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Recession Still Hurting U.S. Families Trying To Put Food On The Table

Filed by KOSU News in US News.
September 5, 2012

The number of U.S. families struggling to put enough food on the table remains at record high levels, according to new figures out today from the government. One in almost seven households last year were what the government calls “food insecure.” That’s about the same level as in 2010, but still far higher than before the recession. The problem finding enough food is especially severe among households headed by single mothers with children.

Before the recession, about one in ten households had a problem getting enough to eat. But in 2008, things got a lot worse. And it’s pretty much stayed that way ever since. The Agriculture Department today said that almost 18 million households had trouble putting food on the table last year. And that in about seven million of those households, people didn’t have enough to eat.

“There are many Americans who are still struggling with the lingering effects of the great recession,” says James Ziliak, head of the Center for Poverty Research at the University of Kentucky.

He says it’s troubling that the numbers haven’t gotten better, especially when it comes to those families that face the most difficult challenges. “This is worrisome, because the expectation is that in the coming year, food prices are likely to go up quite a bit owing to the drought in the Midwest and in much of the country, and so this is likely to be an ongoing challenge,” he says.

Rhonda Chafin, who runs the Second Harvest Food Bank of Northeast Tennessee, says she’s already seeing the impact first hand.

“We’re serving more people and we have less food,” she says.

Chafin says that demand for food from local pantries and soup kitchens has grown more than 50 percent since 2007, and there’s no sign things are about to let up. Chafin says any economic recovery has yet to be felt in this area of the country.

“We believe that families are really struggling to make ends meet and to purchase food, and to have funds to pay for rent and fuel and then also some of their other basic needs, for medication and things like that.”

She says many of those turning to local food pantries for help are elderly, or single mothers who might be working, but aren’t earning enough to get by.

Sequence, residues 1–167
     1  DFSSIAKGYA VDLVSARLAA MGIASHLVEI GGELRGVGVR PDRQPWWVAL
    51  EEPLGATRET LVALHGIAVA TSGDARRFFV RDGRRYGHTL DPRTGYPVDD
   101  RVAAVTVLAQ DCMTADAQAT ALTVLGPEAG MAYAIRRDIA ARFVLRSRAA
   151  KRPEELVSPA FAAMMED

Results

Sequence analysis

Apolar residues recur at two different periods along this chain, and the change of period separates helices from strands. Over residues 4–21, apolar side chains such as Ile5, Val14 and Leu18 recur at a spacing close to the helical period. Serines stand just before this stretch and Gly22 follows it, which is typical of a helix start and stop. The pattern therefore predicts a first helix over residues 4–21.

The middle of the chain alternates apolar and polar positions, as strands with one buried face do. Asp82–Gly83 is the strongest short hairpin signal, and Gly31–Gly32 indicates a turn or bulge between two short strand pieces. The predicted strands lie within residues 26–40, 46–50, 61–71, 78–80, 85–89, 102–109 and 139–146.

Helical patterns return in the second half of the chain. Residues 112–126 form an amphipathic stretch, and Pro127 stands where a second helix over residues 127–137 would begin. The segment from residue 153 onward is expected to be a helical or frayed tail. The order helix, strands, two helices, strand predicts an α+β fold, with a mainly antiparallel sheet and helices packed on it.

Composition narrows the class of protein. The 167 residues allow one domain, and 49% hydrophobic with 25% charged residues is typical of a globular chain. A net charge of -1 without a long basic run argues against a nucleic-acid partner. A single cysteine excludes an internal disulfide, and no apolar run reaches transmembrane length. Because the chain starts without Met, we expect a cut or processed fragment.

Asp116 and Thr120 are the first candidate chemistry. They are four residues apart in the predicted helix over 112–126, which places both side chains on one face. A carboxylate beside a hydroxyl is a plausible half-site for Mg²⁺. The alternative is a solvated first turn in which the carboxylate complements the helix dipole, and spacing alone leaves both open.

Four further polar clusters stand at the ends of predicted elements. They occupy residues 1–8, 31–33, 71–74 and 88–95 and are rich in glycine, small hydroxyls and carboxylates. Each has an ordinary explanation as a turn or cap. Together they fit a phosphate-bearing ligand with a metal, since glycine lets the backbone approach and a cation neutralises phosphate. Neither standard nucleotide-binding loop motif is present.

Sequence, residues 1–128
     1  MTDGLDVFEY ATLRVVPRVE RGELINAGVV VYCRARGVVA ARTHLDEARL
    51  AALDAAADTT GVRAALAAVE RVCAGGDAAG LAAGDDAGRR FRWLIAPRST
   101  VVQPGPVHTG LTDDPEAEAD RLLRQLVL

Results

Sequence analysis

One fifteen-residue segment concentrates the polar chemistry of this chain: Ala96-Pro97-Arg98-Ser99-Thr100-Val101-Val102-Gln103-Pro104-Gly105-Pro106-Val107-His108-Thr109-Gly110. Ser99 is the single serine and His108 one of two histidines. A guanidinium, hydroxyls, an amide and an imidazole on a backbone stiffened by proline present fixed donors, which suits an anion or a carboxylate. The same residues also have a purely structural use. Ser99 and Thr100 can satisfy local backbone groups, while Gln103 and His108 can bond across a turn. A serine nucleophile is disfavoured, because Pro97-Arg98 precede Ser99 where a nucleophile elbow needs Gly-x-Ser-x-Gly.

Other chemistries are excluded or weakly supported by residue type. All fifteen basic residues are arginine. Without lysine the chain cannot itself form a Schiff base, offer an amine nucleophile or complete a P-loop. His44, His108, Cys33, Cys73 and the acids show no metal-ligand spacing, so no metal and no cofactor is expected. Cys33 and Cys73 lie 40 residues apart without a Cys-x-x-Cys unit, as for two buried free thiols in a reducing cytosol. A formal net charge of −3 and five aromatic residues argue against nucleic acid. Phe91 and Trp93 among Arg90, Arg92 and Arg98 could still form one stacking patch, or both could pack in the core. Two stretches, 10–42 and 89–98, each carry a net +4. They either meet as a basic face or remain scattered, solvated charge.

In fact, the government says that almost 37 percent of households with children headed by single mothers had trouble getting enough food last year. Slightly more than the year before. Overall, one in five children in the U.S. lives in a food-insecure household. That’s a big concern for Tom Nelson, president of Share Our Strength, a nonprofit working to end childhood hunger.

“The fact that we’ve got 16.6 million kids in households where the kids are at risk of not having the food and nutrition they need, that’s not what should be going on this country,” he says. But as bad as the numbers are, they could be worse.

“About 57 percent of the families that are food insecure report receiving assistance from one of the federal food programs. So what it tells us, if those programs are threatened or are lessened, it’s going to put even more people into a food insecure situation,” he says.

Which is one reason Nelson is in Charlotte this week at the Democratic National Convention with actor Jeff Bridges. They’re trying to drum up support for anti-hunger programs, such as food stamps, now called the Supplemental Nutrition Assistance Program, or SNAP. An estimated 46 million people are getting SNAP, according to another recent report.

The program is facing steep budget cuts in Congress, mostly from Republicans who think the economy would be better off with smaller government. Nelson says he also went to the Republican National Convention to make the case that childhood hunger has to be addressed.

“We’re finding that both parties are really to a large extent, particularly at the federal level, way too quiet on this issue,” Nelson says.

In fact, neither President Obama nor his Republican challenger Mitt Romney had any comment today about the new numbers. [Copyright 2012 National Public Radio]

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